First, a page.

The GMC Sierra 3500HD Denali is something of a rolling contradiction. As with the Sierra 3500HD upon which it is based, it is the largest, sturdiest, most work ready-truck that General Motors offers. However, it is also what construction workers might refer to as a city-slicker's truck, complete with a leather and wood trimmed interior, copious amounts of chrome, and unique 18-inch aluminum wheels. It is not exactly ideal to step into with muddy clothes or to use to ford a river.
The 3500HD Denali comes standard with a gas-powered V8, while a turbodiesel eight-cylinder is optional. The gas-burning 6.0 V8 puts out 360 horsepower and 380 lb-ft. of torque, while the mighty diesel displaces 6.6 liters and makes a staggering 397 horsepower and 765 lb-ft. at a usefully low 1,600 rpm. Both engines put their power to the ground via 6-speed automatic transmissions, though the diesel uses a heavy-duty Allison unit.
Maximum payload and towing capacity are up for the latest model year to 7,215 and 18,000 pounds, respectively, although those numbers change depending on engine, drive wheels and length. The increases are due to a variety of enhancements, including beefier rear springs and U-bolts, revised rear axle tubes and shock tuning, revised pickup box cross sills and other structural enhancements, modified box mounting on the frame and a revised trailer hitch receiver.
Several features work together to make carrying and towing such heavy loads easier. A trailer-sway control system senses conditions of trailer sway and automatically intervenes with braking and/or reduced engine power to bring the trailer under control and keep its on its intended path. A hill start assist system engages when sensors detect the vehicle is on a grade of about 5 percent or greater, holding the brakes for 1.5 seconds or until the gas pedal is pressed in order to prevent rollback.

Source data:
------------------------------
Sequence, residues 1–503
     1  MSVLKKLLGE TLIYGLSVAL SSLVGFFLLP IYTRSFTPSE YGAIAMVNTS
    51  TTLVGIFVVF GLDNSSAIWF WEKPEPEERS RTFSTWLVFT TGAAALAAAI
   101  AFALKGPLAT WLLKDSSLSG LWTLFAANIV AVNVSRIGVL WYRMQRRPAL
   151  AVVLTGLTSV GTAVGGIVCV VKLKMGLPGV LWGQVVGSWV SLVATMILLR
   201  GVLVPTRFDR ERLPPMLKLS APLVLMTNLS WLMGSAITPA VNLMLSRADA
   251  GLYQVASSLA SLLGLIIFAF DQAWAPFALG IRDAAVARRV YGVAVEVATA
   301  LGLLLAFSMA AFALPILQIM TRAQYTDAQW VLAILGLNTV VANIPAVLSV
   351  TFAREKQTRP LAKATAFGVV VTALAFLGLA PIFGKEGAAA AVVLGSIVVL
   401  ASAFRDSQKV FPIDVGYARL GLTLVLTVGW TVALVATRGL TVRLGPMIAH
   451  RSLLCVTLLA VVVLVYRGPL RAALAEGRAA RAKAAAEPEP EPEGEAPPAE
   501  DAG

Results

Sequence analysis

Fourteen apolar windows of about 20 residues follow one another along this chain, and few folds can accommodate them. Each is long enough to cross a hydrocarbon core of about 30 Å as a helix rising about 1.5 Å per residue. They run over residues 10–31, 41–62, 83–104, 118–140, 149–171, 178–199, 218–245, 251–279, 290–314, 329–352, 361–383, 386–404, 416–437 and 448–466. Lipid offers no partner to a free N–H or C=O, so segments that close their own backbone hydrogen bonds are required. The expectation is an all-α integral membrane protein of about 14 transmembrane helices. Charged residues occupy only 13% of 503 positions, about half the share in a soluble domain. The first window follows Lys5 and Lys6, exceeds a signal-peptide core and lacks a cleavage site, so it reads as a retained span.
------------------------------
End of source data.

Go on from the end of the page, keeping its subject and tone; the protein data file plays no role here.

Finally, an exhaust brake, standard with the turbodiesel, uses the turbine control of the variable geometry turbocharger in addition to the compression of the engine to generate backpressure, slowing the vehicle without the driver applying the brakes. This helps to prolong brake life and prevent overheating on long, downhill grades.
The 3500HD Denali is available with a 78.8-in. standard bed with single rear wheels or as a dualie with a 97.7-in. long bed, but comes only as a four door extended cab. Rear- or four-wheel drive is available.
Outside, the 3500HD Denali distinguishes itself with a four bar chrome grille with round air inlets, body-color bumpers, chrome door handles, chrome accents and standard 18-inch polished forged aluminum wheels that would be a shame to scrape up on an off-road trail.
Leather seats with 12-way power adjustment, brushed aluminum trim and power adjustable pedals make the interior a comfortable place to relax on the way home from the construction site, although on average the grade of interior plastics is disappointing for the price. For the latest model year, heated and cooled seats and a leather wrapped, heated steering wheel are standard, as is a rear-view camera that makes parking the big rig a bit easier.
Significant options include a touch-screen navigation system bundled with a 7 speaker Bose audio system, an off road package with skid plates and beefy shock absorbers and a rearview camera system.
Those in northern climates might consider the available heated (and cooled) seats and heated steering wheel.
Standard safety features include dual front, front side and side curtain airbags in addition to traction and stability control systems and a tire-pressure monitoring system.
In this class, only the Ford F-350 King Ranch can compete with the level of luxury offered by the Sierra 2500HD Denali. While the leviathan Ford ultimately has higher towing and payload capacities, the GMC 's slightly smaller size and curb weight can make it a more user-friendly truck in all but the most intense work situations.
The slightly less luxurious Ram 3500 with the Laramie Longhorn trim level could also be considered a rival.